Hot Wheels toys in my Banania cornflakes

France. Pif Gadget 869. 1985.

Banania Hot Wheels promotion. France. Pif Gadget 869. 1985.

Of course, In 1985, they didn’t really put die cast toy vehicles inside the boxes of Banania cornflakes (not that it wasn’t uncommon back then to find cool toys inside boxes, but rarely metal toys that would add significant weight to the box). So, no car in my cornflakes? But this was still an excellent opportunity to grab one of 20 sets of 126 vehicles! In addition there were 1000 other prizes to be grabbed. To be in with the chance to win you had to answer a question and then cut-out and send off the slip on the bottom of the advert.

Controversial Banania

The advertising images for Banania featuring the smiling Senegalise soldier – and in particular the slogan “y’ a bon” (Pidgen French: “that’s good”) has come under scrutiny by those accusing the brand of racism or colonialism.

Scan of a reproduction tin plate advert from the 1930s. These reproduction ads are popular throughout France.

Scan of a reproduction Banania tin plate advert from the 1930s. Reproduction ads of this era are popular throughout France. They are easily found in stores, street markets, tourist shops, even finding their way to flea markets as second-hand items.

The slogan, “y’ a bon”, which had been used since 1915, was finally scrapped in 2011 from all subsequent products and advertising. The image of the Senegalise soldier is still used but more in a comic / cartoon style. This change of style can perhaps be first seen in the 1985 Hot Wheels advert at the beginning of the post, with the soldier’s head morphed into the font of the letter ‘B’.

I’ve included below another advert from 1985 to illustrate this –  this time for a He-Man and Masters of the Universe promotion which is pretty much the same as the Hotwheels promo.

Banania He-Man MOTU promotion. France. Pif Gadget. 1985.

Banania money box van. France. 2017. From the collection of TVTA.

Banania in Space

You can see the presence of the “y’ a bon” logo in this 1960 advert from Lissette comic. In this promotion you had to collect 16 points from Banania products then send them off along with 6 postage stamps to receive your space play-set and characters.

France. Lissette N° 46. 1960.

Banania space promotion. France. Lissette N° 46. 1960.

Read more of the history of Banania here:

Official Banania website

Banania Wikipedia (French)

Banania Wikipedia (English)


5 thoughts on “Hot Wheels toys in my Banania cornflakes

  1. A lot of old branding has changed in recent decades due to the ‘politically correct’ movement that polices cultural expression for sexism and racism, etc.. Some of it is reasonable, but some of it is just nitpicking. The smiling Senegalese soldier doesn’t seem that offensive to me – but I’m not French or Senegalese so I’m not familiar with the cultural emotion that is tied to the representation. It just doesn’t appear mean spirited or disrespectful as a lot of blatant racism can. In the States we have Aunt Jemima syrup and her image has evolved over the years – I’ve always seen her image as warm and endearing.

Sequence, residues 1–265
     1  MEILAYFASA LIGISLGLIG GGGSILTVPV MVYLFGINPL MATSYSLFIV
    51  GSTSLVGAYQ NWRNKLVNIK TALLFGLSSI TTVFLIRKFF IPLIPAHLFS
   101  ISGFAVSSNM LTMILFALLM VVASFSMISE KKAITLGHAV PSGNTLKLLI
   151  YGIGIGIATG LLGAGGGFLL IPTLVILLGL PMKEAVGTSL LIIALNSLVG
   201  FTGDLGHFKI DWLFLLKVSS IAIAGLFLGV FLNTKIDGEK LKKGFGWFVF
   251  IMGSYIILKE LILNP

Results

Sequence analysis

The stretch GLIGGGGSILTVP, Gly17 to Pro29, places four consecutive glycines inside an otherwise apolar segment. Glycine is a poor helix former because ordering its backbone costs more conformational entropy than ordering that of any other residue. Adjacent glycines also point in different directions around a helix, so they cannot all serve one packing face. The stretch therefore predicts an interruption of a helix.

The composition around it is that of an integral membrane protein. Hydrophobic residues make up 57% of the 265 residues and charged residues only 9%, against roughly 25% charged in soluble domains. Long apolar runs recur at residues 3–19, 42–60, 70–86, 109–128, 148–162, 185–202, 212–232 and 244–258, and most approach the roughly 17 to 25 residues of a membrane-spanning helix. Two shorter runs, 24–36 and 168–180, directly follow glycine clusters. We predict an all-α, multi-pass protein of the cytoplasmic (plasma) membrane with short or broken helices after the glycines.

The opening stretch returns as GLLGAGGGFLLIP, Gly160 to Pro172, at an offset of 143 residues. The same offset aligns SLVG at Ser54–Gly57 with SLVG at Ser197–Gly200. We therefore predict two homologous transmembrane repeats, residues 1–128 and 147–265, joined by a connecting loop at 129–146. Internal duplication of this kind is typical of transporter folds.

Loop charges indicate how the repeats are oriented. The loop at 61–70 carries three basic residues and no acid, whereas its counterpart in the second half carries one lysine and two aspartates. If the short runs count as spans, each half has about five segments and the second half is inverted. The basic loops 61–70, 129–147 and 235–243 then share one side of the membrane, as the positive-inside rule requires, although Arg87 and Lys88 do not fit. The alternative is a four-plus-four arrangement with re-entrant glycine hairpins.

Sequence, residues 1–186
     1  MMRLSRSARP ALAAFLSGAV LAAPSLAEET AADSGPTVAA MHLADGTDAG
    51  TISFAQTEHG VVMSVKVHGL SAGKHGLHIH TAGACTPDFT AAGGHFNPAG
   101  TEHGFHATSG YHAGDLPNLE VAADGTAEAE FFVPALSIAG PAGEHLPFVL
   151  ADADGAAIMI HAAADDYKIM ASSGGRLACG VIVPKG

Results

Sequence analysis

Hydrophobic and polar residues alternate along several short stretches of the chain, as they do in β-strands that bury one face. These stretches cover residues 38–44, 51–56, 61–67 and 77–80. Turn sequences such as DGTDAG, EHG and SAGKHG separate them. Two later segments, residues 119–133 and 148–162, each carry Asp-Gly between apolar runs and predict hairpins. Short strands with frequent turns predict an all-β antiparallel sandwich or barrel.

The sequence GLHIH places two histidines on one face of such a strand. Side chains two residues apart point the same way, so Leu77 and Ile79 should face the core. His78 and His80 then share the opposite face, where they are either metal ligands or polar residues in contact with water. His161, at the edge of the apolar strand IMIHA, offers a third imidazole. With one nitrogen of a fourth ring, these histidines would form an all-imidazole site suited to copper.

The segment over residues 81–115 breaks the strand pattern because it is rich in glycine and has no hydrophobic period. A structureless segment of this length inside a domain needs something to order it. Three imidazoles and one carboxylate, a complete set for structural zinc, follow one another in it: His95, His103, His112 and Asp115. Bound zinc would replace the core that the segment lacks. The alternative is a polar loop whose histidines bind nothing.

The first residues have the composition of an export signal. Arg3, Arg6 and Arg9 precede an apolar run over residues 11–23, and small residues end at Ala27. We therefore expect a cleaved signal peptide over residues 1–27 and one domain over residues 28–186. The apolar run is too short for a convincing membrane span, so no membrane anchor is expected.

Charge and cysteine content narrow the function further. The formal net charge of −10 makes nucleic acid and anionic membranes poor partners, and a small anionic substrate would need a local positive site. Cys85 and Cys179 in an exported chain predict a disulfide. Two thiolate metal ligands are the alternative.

Anyway, the Banania space play-set looks way cool. It would be so great to be able to get neat free stuff like this today just by collecting points from products one uses everyday. There’s points programs for stuffs like Coke, but the bonus products are mostly boring and easy to find otherwise and the really good things have such high point numbers that it would take forever to save enough anyway – unless you drink ten bottles of Coke a day, for example.


    • Good points. It will always be a charged issue I think. Similar concerns have been made (for and against) with TinTin, Rupert Bear and Enid Blyton’s Noddy stories that feature colonial-era African natives and ‘golliwog’ characters. Robertson’s food products of the UK had used the golliwog character on its products since 1910 and ceased use in 2001.

      Regarding product points: here in France we’ve noticed more of a switch to ‘codes’ inside products that you collect and enter online to claim prizes. Kellogs and St Mamet are two companies currently doing this. There are a fair few products including FREE stickers and fridge magnets too. I’m stubbornly keeping hold of the memory that every single product my mum bought when I was a kid contained a FREE toy or sticker 🙂


      • Yes, that’s more accurate – points. Sounds like you folks in France are getting kind of neat stuffs. I keep seeing things like mp3s, video games, etc. I think part of the fun of premiums were the rare stuffs one could collect.

        Yeah, good memories of good times, who can blame you for tightly holding on to them. 🙂


      • Yes, some of the promotions in France are quite good really. I think it’s also good if the packaging can be used in some way too – like I remember some of the UK cereal boxes back in the late 70s and early 80s would not only contain a toy but could also have an additional cut-out figure or diorama from the rear of the pack. Knights and horses spring to mind. Or the Star Wars cut-out masks on the backs of Kellog’s C-3POs which were released in the US and Canada. Puzzles and quizzes were also a popular thing to stick on the back 🙂


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